Archive for February, 2013

“I’m Running!”

Posted: February 24, 2013 in News, Politics

Hilary Clinton has had speculation circling around her for quite some time now. Will she run for president in 2016 or not? All predictions say she will but she has not given a straight answer in any of her interviews or conversations with the media. There is a lot of support for her to run, but, if she chose to, she would meet a lot of tough questions to answer for. The biggest of all of the questions would be her involvement in the Benghazi incident. She has shown an ability to get people behind her and respond to the tough questions, but it would be an uphill climb.

Adding to both the humor and the speculation of her situation, a reporter recently asked her whether she would be in the presidential race for 2016. Specifically, the reporter asked, “Do you have time for a few quick questions about 2016?” Her response … “Not now, I’m running!” A little double entendre to poke fun a the reporter’s question and the constant questions she receives from every angle.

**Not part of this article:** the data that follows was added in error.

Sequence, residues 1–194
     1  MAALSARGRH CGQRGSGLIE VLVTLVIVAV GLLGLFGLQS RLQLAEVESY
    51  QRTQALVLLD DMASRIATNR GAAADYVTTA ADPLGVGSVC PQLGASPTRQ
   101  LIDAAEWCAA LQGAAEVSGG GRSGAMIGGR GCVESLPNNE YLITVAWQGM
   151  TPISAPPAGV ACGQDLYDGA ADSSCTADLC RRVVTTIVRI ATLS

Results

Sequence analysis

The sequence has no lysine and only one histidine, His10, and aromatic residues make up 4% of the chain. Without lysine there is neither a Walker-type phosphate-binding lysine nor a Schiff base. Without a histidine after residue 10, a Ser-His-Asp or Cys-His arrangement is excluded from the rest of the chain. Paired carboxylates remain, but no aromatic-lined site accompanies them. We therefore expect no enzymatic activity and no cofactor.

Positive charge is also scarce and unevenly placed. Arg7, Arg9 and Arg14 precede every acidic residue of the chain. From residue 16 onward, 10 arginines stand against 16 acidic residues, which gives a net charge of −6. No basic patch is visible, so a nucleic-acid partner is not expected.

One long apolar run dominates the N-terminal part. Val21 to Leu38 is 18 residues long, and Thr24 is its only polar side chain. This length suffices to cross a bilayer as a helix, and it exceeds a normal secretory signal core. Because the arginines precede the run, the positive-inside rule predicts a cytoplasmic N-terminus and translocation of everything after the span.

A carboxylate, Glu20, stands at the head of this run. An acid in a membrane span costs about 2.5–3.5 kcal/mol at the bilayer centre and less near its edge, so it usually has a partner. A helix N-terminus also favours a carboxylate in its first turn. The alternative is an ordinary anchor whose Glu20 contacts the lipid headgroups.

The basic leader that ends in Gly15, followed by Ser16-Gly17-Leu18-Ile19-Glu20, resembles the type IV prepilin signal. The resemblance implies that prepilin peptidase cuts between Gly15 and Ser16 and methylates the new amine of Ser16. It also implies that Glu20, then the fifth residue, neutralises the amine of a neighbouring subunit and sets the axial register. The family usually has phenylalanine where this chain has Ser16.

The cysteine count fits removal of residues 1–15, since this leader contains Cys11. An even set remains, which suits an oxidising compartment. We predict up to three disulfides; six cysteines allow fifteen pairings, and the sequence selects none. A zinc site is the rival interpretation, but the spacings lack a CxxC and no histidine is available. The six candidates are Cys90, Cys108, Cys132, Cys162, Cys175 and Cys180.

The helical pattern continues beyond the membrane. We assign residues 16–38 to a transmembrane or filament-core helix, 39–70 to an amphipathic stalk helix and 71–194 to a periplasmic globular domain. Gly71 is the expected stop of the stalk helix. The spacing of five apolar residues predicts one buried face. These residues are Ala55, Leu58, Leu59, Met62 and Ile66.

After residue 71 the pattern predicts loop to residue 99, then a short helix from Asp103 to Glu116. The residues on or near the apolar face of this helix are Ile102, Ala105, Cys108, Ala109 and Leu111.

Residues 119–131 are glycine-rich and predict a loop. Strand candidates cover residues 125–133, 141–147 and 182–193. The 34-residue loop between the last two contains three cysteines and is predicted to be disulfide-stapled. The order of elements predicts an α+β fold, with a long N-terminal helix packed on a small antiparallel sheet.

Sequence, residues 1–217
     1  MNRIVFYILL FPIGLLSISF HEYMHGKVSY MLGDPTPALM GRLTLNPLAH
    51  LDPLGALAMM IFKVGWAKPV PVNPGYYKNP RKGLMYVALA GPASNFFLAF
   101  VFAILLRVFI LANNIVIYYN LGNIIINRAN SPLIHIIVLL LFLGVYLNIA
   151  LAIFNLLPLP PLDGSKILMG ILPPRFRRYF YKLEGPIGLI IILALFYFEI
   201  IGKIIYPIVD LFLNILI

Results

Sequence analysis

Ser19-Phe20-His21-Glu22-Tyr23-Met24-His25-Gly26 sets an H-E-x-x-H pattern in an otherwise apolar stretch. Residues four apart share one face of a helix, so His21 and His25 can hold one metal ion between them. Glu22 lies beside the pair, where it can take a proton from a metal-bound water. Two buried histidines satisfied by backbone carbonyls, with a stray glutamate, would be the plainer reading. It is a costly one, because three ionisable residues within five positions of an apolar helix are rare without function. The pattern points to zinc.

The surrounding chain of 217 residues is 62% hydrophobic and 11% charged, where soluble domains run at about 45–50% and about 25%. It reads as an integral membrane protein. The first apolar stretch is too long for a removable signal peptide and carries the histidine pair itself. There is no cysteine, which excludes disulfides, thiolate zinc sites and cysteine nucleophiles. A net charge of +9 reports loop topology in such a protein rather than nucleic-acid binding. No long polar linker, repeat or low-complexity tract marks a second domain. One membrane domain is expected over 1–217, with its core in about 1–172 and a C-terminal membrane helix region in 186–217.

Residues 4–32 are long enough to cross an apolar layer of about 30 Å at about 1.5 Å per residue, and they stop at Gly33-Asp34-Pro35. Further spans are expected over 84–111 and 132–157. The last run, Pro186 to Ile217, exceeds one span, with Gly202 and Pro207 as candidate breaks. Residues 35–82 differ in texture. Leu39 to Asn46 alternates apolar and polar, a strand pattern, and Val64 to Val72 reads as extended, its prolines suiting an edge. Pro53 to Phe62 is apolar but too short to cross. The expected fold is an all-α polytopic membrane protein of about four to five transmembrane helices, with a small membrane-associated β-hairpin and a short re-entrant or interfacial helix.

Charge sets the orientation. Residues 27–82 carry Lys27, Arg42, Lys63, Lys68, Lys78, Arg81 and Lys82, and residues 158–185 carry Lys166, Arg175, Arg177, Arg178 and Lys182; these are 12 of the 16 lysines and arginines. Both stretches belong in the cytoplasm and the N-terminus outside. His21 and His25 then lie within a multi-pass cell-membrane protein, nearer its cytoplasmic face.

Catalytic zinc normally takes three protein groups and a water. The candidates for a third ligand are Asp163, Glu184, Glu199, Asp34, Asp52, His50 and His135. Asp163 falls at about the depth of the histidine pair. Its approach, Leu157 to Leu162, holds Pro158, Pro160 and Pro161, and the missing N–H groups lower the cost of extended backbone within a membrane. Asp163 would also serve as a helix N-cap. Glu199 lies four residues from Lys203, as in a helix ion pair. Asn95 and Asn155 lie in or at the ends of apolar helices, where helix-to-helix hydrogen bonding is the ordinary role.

Whether she will actually run or not will remain to be seen (though she probably will), but it is good to see her as more personable than she may have been portrayed in the past.

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While football was originally how the world got to know him, Tim Tebow has made a bigger name for himself in the past year through his speaking arrangements at churches across the country. He has been regarded for his strength of faith, but many have also attached a target to his back and complained about his engagement with religion and its overflow into his media coverage. Tebow appears to be an honest Christian and the media is more of a side effect of his presence in the spotlight.